Sign Supported English

In my last blog I recorded my observations from regular visits to the Deaf Cultural Centre (for their excellent lunches). While some of the deaf people there were clearly using full BSL (British Sign Language) – quietly and undemonstratively communicating with their hands, others (including the friendly people who tried to teach some signs to my friend and me) were clearly using something quite different. These signs were not arbitrary but clearly related to the gestures and imitative movements that hearing people would use.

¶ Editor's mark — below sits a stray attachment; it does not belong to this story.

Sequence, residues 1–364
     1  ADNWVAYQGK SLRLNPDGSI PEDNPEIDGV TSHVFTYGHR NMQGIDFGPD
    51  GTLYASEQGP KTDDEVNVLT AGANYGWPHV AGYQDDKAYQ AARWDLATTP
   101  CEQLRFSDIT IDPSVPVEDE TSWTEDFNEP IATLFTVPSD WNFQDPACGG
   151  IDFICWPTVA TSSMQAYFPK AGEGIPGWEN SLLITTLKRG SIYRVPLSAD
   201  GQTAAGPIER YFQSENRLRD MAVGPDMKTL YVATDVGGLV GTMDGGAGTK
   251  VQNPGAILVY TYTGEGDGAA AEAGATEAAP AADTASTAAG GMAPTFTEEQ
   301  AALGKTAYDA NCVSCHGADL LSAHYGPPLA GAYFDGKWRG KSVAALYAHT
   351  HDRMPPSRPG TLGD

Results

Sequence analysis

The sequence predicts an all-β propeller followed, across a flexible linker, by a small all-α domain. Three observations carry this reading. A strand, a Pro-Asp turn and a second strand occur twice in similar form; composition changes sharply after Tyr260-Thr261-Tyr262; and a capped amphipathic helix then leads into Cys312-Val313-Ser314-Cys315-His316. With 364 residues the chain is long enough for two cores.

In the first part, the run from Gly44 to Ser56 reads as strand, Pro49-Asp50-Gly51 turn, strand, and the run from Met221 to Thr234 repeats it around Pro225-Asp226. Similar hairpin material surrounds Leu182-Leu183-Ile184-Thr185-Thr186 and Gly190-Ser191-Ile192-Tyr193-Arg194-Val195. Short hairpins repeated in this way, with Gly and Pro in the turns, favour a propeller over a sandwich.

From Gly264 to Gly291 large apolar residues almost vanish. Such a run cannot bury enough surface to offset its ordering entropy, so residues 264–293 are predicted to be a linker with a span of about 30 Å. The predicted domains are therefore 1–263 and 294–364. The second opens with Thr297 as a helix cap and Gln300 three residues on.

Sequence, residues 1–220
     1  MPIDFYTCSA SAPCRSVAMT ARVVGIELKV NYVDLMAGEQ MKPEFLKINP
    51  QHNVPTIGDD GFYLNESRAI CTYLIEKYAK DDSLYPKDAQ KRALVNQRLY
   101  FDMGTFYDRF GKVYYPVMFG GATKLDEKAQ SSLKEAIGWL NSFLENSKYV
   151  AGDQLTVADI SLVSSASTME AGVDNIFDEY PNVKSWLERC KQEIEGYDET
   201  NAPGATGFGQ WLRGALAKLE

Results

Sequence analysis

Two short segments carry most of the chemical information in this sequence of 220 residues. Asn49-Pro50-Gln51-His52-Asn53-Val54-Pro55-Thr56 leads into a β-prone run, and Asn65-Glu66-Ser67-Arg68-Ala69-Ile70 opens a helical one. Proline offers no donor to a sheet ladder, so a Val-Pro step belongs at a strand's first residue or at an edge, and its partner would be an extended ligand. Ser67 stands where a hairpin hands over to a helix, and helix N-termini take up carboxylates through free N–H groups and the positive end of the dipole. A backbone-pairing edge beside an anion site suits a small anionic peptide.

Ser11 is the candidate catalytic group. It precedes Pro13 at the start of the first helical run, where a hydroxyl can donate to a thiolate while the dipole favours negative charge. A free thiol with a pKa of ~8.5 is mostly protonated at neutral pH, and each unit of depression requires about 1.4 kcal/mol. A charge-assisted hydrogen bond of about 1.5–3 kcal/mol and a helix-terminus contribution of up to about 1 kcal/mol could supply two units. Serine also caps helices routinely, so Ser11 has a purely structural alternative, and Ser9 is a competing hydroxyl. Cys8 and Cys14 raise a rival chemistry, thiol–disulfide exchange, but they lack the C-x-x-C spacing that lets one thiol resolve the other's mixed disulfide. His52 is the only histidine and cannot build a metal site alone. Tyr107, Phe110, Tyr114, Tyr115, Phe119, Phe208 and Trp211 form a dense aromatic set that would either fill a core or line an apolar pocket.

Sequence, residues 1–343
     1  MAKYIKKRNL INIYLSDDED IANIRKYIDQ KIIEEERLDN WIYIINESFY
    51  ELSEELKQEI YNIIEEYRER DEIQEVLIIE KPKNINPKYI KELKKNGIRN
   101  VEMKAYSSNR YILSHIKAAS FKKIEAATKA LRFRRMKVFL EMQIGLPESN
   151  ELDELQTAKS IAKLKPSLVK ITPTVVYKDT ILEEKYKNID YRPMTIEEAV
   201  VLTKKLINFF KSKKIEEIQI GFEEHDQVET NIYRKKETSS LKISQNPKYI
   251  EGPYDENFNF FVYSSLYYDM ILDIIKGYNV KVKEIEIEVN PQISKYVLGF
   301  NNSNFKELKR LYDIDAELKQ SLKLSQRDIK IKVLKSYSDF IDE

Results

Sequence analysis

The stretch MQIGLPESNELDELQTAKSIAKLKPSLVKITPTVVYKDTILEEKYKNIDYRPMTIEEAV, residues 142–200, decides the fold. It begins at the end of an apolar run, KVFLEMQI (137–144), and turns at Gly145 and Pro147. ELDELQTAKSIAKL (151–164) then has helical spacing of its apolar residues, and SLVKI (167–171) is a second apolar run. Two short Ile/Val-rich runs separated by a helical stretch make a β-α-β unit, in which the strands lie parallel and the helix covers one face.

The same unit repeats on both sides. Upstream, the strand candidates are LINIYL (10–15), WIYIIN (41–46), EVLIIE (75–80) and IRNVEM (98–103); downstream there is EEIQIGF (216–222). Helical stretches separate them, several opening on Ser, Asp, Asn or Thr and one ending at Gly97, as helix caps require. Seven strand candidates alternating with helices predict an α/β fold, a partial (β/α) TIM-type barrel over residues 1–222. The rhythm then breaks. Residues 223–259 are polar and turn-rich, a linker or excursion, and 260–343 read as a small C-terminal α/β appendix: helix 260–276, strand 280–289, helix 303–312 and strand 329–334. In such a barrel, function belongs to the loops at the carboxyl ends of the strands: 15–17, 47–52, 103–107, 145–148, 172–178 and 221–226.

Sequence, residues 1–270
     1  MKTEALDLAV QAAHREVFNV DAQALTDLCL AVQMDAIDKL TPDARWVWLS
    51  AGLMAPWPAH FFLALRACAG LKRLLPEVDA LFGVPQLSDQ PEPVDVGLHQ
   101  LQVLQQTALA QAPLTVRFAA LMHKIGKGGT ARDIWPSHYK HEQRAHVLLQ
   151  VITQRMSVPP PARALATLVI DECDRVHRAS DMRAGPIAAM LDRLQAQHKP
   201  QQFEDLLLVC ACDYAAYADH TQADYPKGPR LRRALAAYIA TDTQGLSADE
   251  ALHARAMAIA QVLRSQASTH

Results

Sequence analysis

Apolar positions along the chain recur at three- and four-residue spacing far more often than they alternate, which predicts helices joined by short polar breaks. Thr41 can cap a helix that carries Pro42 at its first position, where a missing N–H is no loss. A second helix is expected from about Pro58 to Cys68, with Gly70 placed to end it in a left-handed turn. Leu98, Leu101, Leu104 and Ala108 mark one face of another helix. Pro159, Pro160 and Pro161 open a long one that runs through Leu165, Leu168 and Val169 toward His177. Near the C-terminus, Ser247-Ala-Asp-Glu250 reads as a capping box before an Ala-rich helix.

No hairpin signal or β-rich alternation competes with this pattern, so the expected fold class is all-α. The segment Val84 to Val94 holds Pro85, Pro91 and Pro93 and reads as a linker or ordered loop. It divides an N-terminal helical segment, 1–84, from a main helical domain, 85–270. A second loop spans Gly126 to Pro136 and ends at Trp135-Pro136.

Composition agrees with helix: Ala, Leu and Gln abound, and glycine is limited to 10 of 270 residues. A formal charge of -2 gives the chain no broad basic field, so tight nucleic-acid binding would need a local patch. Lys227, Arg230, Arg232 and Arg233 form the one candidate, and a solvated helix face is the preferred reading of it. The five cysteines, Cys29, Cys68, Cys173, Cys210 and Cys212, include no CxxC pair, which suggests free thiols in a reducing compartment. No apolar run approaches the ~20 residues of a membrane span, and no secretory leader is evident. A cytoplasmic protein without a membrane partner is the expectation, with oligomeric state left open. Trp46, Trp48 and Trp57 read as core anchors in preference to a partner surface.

Alf Stewart, who fulfils various roles at the Centre, explained to me that this language is Sign Supported English, quite different from BSL but a lot easier to learn for limited everyday uses than BSL. It all goes to show how ingenious people are at overcoming handicaps to communication.